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Anwar opposes the race-based affirmative action policies that have been the hallmark of past Barisan Nasional-led governments. Policies that favor Malay Muslims are seen by some analysts as creating a broad middle class in Malaysia. But critics accuse the laws of stoking racial animosity, driving young people from Malaysia’s Indian and Chinese minorities out of the country and breeding systemic corruption.

In the run-up to the election, PN leader and former prime minister Muhyiddin Yassin made an anti-Semitic claim that Anwar’s coalition was working with Jews and Christians to “Christianize” Malaysia. Anwar blasted his rival’s comments as desperate, retorting that Muhyiddin was trying to “use racial propaganda to divide Malaysia’s multiple reality”.

After Anwar’s appointment was announced, Muhyiddin held a press conference and questioned his opponent’s mandate to rule. Anwar said on Thursday evening that he welcomed the PN to work with his coalition, but it was unclear whether Muhyiddin planned to accept the invitation.

“Polarization [in Malaysia] remains strong,” said Bridget Welsh, research fellow at the University of Nottingham’s Asia Research Institute – Malaysia.

Whether or not they supported him, many Malaysians welcomed the appointment of a new prime minister, putting an end to two years of political upheaval that have included the resignation of two prime ministers, allegations of power-grabbing and snap elections held during the tropical monsoon season. country.

After the polls closed and it became clear that no single bloc could control a majority on its own, confusion spread over who would lead. The king summoned party leaders to the palace for closed-door discussions, delaying his decision from day to day.

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“We have been waiting for some time for some stability, for a restoration of democracy,” said Adrian Pereira, a labor rights activist from the western state of Selangor. Voters are still anxious to see how power will be shared, “but for now it’s a relief for everyone,” he said.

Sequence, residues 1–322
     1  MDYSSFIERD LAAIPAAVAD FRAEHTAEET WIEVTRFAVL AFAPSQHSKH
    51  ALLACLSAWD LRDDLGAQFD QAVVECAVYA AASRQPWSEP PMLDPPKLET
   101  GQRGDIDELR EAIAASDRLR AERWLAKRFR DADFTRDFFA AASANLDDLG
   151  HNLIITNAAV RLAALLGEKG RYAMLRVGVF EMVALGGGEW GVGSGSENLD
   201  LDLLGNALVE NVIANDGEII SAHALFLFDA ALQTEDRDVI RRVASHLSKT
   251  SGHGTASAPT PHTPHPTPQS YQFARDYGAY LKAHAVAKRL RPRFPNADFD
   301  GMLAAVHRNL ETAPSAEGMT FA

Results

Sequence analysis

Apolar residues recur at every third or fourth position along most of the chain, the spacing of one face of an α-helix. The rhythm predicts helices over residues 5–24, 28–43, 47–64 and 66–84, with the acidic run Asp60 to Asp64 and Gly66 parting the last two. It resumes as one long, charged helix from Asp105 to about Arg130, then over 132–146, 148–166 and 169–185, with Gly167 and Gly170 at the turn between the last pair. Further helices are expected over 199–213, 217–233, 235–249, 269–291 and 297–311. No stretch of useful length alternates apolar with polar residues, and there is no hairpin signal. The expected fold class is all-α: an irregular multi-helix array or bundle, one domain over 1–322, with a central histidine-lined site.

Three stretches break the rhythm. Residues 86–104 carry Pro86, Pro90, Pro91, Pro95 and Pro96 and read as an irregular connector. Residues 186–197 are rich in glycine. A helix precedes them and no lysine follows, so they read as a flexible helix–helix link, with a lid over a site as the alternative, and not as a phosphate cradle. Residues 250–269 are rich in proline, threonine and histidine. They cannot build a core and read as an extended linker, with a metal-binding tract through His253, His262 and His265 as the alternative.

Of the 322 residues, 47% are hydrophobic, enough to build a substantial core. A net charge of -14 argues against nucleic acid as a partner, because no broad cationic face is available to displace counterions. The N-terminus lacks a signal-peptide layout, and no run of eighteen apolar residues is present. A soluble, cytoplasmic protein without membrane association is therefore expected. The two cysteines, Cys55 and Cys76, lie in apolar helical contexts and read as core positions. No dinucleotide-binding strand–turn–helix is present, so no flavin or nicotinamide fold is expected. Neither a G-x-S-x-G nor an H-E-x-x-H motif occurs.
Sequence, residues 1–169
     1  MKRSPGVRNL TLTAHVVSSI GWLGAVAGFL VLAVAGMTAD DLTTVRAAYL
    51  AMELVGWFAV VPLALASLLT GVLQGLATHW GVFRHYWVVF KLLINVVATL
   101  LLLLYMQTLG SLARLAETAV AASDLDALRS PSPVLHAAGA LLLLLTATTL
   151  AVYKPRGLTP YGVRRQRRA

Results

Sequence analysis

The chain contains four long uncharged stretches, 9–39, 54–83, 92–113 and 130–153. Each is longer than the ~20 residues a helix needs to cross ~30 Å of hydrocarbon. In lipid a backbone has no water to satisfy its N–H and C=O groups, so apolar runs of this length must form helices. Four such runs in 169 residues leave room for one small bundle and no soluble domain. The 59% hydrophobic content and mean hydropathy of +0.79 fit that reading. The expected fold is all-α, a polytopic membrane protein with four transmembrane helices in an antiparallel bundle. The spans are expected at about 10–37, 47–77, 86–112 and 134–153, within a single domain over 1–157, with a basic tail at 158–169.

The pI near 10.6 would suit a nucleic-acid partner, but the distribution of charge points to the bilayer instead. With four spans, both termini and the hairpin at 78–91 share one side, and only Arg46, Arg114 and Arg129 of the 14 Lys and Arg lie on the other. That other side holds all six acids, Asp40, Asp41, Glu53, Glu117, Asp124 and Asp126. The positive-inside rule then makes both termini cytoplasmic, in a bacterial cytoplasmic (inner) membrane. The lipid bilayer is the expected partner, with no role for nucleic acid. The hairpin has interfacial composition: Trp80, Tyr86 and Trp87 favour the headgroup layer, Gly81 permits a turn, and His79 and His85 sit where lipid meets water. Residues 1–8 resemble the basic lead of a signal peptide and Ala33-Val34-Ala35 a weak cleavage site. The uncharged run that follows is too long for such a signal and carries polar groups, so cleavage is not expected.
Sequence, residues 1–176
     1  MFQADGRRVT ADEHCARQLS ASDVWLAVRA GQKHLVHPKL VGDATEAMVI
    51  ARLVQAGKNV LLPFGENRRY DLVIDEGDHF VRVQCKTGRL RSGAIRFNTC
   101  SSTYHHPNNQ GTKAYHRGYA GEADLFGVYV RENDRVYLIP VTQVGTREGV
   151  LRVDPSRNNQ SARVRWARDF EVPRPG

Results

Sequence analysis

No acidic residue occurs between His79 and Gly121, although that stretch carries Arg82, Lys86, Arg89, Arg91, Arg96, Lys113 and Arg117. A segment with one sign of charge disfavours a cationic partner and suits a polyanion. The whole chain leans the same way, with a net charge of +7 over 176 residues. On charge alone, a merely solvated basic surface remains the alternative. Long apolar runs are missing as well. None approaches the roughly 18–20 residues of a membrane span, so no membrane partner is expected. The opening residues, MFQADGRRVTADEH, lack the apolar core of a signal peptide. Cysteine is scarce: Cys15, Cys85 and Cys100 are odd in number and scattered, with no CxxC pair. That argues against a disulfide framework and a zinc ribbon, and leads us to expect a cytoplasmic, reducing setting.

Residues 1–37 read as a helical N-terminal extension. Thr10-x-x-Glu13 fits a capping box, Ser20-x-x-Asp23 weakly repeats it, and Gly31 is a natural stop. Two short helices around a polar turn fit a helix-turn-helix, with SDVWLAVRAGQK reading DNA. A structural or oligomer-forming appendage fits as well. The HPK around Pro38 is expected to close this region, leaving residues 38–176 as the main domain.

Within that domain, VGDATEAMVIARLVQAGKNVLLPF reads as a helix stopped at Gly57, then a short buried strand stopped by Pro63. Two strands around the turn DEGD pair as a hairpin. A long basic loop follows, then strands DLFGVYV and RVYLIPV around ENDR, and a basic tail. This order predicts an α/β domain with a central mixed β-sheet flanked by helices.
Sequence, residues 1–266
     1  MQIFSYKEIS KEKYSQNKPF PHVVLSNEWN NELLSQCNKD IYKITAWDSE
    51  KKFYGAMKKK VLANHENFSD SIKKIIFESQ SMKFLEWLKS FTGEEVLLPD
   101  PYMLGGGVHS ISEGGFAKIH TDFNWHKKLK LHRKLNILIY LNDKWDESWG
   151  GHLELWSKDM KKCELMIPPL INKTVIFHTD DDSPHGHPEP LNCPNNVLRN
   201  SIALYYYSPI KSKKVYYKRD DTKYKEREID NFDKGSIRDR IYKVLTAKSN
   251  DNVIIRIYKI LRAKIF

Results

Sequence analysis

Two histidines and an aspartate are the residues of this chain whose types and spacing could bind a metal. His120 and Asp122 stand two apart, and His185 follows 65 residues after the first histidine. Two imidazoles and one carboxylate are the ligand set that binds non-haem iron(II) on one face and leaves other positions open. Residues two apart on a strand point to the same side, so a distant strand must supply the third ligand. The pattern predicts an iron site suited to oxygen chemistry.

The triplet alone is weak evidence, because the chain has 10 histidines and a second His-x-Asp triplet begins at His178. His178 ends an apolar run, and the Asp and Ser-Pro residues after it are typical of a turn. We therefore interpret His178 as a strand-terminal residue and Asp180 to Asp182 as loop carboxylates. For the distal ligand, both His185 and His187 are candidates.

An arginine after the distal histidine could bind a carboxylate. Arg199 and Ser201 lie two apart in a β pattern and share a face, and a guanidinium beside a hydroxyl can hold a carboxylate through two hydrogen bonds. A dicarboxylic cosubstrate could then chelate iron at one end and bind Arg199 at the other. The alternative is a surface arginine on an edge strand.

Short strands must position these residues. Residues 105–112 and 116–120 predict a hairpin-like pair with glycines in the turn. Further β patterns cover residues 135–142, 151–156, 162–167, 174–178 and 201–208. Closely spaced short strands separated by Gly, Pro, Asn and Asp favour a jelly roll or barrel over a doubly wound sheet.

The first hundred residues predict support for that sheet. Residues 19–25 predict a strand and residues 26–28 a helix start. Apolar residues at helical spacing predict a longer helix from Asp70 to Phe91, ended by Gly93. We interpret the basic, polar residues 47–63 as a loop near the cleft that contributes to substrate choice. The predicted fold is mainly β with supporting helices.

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Among the election’s biggest surprises was a surge in support for the Malaysian Islamic Party, known as PAS, which more than doubled its seats in parliament, from 18 to 49. The party, which ran as part of Muhyiddin’s PN, advocates eventual Islamic rule in Malaysia and has emerged as a power broker in recent years, forming partnerships with other parties that support pro-Malay-Muslim policies.

While Anwar’s coalition will govern, PAS will be the largest party in the lower house of parliament.

Before Anwar was sworn in on Thursday evening, PAS leader Abdul Hadi Awang published a statement thanked voters for their support. “The party’s 71 years of struggle in Malaysia are increasingly being accepted by the people,” he said.

James Chin, a professor at Australia’s University of Tasmania who studies Malaysian politics, said he was “stunned” by PAS’s electoral success, which he saw as a reflection of the broader rise of political Islam in Malaysia.

While Malaysia and neighboring Indonesia have long been touted as moderate Islamic nations, that may now change, Chin said. PAS has made its strongest gains in rural areas, he noted, and there is early evidence that it has won the support of new voters, including young Malays. Liberal and non-Malay Muslim voters now worry that a strengthened PAS is able to expand its influence, including over the country’s education policies.

“I knew that PAS had serious support in the Malaysian heartland. … But I still didn’t know they could expand so quickly,” Chin said. “No one did.”

Ding reported from Kuala Lumpur, Malaysia, and Ang from Seoul. Harry Raj in Seoul contributed to this report.